Penn State entered Beaver Stadium on Saturday flying high after a week one domination of Idaho.
The Nittany Lions left the stadium flying pretty high as well after a 45-13 victory over Buffalo, but what happened in between was a bit vexing.
What fans saw was inconsistent play, some great and some not so great, on the way to what the scoreboard tells you want a pretty comfortable victory.
With that said, we take a look at who improved and dropped their stock the most in week two.
If there’s one player that was pretty consistently great for the Nittany Lions on Saturday night, it was new starting quarterback Sean Clifford. Clifford finished the night 16 of 22 for 279 yards, four touchdowns and an additional 51 yards on the ground. His second half performance, in particular, was outstanding as Penn State put the pedal down and pulled away from the Bulls.
It may have taken longer than some expected, but it’s safe to say that cornerback John Reid is back to 100 percent after tearing his ACL ahead of the 2017 season. Reid’s huge pick six in the early third quarter of Saturday’s game catapulted Penn State to 38-3 second half margin of victory. Reid’s interception was his second in two games and with he opposite Tariq Castro-Fields the Nittany Lions have one of the best tandems in the Big Ten, if not the country.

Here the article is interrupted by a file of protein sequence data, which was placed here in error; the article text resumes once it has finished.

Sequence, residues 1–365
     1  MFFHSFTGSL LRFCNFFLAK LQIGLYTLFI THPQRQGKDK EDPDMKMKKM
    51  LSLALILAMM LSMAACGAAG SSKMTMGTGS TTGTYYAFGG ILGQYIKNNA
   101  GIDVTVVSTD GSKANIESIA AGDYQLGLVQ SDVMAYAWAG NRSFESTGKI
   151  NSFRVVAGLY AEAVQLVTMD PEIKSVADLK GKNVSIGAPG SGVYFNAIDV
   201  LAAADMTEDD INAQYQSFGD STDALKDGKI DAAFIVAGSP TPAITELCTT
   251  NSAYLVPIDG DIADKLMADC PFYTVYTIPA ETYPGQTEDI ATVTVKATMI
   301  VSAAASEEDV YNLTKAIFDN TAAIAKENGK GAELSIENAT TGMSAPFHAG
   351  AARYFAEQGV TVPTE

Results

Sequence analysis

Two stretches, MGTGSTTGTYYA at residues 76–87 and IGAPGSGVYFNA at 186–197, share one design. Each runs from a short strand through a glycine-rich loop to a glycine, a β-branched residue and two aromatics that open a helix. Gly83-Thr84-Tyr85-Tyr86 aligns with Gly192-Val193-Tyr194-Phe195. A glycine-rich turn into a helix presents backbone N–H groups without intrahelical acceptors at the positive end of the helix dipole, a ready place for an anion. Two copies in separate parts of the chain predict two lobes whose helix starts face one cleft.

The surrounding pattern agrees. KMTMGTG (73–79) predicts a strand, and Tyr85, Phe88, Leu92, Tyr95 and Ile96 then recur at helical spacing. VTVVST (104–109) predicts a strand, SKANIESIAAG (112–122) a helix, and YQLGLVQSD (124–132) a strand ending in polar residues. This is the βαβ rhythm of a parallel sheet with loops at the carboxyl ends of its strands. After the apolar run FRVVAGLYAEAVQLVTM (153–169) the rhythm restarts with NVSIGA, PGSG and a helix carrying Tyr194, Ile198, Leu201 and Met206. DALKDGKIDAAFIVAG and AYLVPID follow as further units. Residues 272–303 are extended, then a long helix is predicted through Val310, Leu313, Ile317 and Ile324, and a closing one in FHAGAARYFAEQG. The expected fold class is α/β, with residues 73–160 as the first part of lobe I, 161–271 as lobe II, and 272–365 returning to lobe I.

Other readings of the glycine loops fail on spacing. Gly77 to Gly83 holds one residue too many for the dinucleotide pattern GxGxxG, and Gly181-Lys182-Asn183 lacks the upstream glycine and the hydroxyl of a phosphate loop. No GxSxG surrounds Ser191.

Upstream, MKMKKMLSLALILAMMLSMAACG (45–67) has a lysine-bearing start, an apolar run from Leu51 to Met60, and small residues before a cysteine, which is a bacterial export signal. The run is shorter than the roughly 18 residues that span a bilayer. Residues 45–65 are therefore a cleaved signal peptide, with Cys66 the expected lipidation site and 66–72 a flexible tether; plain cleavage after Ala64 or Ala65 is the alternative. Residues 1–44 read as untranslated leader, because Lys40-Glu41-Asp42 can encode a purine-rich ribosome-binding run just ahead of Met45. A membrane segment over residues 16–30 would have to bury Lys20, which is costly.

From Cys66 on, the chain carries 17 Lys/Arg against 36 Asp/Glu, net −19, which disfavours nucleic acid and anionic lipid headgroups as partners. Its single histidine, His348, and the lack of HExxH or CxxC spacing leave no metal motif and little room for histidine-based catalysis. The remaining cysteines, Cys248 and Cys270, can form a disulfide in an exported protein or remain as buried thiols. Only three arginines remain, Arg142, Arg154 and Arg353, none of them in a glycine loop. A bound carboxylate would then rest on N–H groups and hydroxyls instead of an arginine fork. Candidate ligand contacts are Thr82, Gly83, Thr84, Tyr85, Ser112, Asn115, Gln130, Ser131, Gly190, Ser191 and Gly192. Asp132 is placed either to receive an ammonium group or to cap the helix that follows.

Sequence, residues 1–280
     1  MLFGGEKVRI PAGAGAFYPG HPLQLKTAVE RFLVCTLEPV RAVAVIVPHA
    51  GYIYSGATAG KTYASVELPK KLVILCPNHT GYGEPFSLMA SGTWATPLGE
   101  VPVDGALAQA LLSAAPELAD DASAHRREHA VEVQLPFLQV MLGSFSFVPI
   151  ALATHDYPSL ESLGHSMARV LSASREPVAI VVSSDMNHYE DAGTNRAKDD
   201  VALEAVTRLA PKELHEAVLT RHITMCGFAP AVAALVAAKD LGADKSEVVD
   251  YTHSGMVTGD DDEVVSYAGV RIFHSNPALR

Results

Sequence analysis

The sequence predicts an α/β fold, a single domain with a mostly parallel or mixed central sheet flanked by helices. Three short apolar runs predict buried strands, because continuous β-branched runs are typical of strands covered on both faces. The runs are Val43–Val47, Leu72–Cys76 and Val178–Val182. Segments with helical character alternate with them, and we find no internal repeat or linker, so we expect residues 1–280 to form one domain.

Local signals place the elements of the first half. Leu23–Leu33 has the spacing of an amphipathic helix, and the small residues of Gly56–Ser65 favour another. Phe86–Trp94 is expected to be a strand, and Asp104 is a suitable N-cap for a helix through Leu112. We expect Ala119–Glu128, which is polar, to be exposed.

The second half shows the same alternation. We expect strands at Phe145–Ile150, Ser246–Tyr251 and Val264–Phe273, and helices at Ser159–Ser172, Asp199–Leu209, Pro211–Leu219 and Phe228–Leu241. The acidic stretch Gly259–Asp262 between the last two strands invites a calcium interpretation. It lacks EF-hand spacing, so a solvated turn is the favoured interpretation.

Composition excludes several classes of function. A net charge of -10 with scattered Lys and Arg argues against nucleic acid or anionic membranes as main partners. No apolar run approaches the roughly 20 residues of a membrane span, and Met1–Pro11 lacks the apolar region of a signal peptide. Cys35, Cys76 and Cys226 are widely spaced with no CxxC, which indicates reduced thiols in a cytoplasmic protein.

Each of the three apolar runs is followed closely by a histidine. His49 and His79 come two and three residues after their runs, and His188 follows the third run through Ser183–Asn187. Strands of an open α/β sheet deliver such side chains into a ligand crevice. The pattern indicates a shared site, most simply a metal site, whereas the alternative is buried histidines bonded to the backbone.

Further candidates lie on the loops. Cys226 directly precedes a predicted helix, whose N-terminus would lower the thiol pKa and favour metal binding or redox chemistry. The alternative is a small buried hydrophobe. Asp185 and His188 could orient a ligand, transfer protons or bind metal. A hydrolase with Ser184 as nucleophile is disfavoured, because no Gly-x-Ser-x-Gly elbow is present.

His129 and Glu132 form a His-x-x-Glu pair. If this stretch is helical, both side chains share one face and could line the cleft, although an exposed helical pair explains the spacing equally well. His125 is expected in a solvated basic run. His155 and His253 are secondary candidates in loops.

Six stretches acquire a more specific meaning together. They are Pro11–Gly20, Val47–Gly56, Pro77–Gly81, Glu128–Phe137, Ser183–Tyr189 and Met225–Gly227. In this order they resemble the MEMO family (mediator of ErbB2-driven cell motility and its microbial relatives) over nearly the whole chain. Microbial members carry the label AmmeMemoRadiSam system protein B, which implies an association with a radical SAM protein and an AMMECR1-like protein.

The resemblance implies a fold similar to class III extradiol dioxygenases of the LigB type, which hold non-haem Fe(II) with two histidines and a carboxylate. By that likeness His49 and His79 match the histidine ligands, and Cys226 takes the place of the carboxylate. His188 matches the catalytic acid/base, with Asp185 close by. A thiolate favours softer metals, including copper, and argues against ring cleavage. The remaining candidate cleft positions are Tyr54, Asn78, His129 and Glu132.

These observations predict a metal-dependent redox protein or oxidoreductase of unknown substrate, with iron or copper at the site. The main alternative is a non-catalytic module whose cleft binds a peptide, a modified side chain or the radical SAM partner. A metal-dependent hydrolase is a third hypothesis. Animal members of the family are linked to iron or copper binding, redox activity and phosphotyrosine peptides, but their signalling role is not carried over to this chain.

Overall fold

A big part of Clifford’s early season success is the fact that he has some fantastic receiving weapons. Fans knew about KJ Hamler and Pat Freiermuth, and many expect big things from Justin Shorter, but it was Jahan Dotson’s time to shine against Buffalo. Dotson caught four balls for 109 yards and two touchdowns against the Bulls. He’s one of the best route runners on the team and has soft hands, much like he No. 5-wearing predecessor DaeSean Hamilton.
It’s early days, but my breakout selection for the 2019 season has yet to break out. Worse so, Slade has put the ball on the ground a pair of times around, something no coach wants to see. We all know what Slade is capable of in the open field, but he’s seemed uncomfortable in between the tackles. Given the glut of talent in the Penn State backfield, he’ll have to get it going quickly if he wants to keep his starting spot.
Matt Limegrover/The Interior Offensive Line
Fumbles aside, much of Slade’s issues can be placed at the feet of the offensive line, particularly those in the interior. The Nittany Lions were unable to get any traction in the run game despite having road graders Steven Gonzalez and CJ Thorpe in there. If guys were getting confused in protections I would understand some of the issues, but much of the run blocking just comes down to getting low and driving your opponents off the ball. It just makes no sense that the Nittany Lions have struggled to do this so often over the last few years.